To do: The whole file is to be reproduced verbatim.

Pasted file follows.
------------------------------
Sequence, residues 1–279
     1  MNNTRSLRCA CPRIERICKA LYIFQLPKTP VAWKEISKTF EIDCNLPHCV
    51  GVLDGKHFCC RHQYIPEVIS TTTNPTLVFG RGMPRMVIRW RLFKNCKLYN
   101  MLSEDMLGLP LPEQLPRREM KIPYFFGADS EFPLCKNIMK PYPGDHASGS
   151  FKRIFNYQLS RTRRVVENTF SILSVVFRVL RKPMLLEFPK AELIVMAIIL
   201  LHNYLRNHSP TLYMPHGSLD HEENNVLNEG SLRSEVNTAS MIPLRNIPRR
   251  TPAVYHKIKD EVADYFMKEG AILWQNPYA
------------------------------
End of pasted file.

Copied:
Sequence, residues 1–279
     1  MNNTRSLRCA CPRIERICKA LYIFQLPKTP VAWKEISKTF EIDCNLPHCV
    51  GVLDGKHFCC RHQYIPEVIS TTTNPTLVFG RGMPRMVIRW RLFKNCKLYN
   101  MLSEDMLGLP LPEQLPRREM KIPYFFGADS EFPLCKNIMK PYPGDHASGS
   151  FKRIFNYQLS RTRRVVENTF SILSVVFRVL RKPMLLEFPK AELIVMAIIL
   201  LHNYLRNHSP TLYMPHGSLD HEENNVLNEG SLRSEVNTAS MIPLRNIPRR
   251  TPAVYHKIKD EVADYFMKEG AILWQNPYA